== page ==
Nevertheless, it is important to not lose sight of a greater crisis that has been averted by the Ayodhya verdict. In a context where large scale mass-mobilization for temple construction was threatened and it was declared that Ram Mandir was an issue of faith and the Supreme Court must not delay its adjudication, the Court has successfully engendered unanimous support for legal process.

The Supreme Court has averted an immediate crisis, insofar as there has been no outbreak of violence, nor any reports of bloodshed in the aftermath of the Ayodhya verdict. But perhaps the greater crisis that the Court has involuntarily invited is that of minorities losing their faith in the institution of the judiciary. In an environment where the legislature and the executive are turning unashamedly majoritarian, vulnerable minorities have no choice but to repose their faith in the courts. One can only hope that the judiciary stays true to that faith.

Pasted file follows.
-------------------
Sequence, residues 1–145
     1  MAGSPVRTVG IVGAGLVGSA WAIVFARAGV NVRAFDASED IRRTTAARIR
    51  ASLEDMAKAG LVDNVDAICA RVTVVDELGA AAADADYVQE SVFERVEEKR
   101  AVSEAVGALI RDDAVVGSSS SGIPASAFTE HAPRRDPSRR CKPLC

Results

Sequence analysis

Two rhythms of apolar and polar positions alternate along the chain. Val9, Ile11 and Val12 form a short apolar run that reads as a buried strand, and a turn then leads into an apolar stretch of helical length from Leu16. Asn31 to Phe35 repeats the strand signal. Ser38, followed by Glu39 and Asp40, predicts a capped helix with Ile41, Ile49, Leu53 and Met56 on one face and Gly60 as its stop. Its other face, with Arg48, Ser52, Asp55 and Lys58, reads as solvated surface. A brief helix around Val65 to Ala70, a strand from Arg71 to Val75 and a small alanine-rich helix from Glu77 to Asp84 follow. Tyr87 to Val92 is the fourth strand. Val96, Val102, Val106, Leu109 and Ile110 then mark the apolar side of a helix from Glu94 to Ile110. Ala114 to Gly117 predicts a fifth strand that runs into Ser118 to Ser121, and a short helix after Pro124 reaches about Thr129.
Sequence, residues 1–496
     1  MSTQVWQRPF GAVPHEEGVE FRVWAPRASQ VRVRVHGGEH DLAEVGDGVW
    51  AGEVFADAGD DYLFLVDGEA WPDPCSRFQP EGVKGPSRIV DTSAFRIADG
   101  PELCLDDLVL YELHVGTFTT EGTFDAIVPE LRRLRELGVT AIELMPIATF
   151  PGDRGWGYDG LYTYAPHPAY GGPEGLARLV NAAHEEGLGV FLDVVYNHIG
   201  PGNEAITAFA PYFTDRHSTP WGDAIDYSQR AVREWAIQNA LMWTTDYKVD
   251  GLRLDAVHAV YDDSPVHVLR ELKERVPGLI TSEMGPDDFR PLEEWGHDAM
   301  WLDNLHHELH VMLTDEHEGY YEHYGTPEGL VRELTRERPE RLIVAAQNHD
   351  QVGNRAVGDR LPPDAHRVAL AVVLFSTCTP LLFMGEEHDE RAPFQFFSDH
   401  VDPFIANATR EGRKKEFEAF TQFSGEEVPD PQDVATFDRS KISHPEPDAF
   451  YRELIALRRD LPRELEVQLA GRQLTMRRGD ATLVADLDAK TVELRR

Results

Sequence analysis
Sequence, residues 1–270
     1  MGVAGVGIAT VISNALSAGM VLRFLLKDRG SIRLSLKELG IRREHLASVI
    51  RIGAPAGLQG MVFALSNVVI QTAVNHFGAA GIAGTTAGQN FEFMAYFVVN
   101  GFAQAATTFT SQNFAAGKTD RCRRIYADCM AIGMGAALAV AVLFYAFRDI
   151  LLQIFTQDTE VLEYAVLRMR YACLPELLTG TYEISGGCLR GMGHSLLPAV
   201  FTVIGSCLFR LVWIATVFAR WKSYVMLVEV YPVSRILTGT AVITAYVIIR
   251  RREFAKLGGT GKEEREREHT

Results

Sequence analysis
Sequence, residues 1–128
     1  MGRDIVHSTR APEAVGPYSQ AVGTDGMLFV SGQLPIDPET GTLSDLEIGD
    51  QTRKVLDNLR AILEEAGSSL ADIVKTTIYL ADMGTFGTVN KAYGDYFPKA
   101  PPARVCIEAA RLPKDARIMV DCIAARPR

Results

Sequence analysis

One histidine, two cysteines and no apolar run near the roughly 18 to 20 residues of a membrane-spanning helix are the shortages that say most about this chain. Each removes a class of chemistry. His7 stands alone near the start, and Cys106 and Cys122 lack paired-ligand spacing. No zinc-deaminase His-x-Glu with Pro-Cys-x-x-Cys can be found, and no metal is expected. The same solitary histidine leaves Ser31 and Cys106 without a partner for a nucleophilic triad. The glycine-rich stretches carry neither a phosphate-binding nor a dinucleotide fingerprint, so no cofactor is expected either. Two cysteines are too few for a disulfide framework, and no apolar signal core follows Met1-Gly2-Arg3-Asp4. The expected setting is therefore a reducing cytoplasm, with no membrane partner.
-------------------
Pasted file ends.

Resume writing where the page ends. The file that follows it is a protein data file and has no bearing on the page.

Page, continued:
Prannv Dhawan and Parth Maniktala are law students at NLSIU Bengaluru and Campus Law Centre, Delhi respectively. Prannv is the founding editor of the Law School Policy Review and Parth is an editor of the online journal, Polemics and Pedantics.

Disclaimer: The views and opinions expressed in this article are those of the authors and do not necessarily reflect those of Bar & Bench.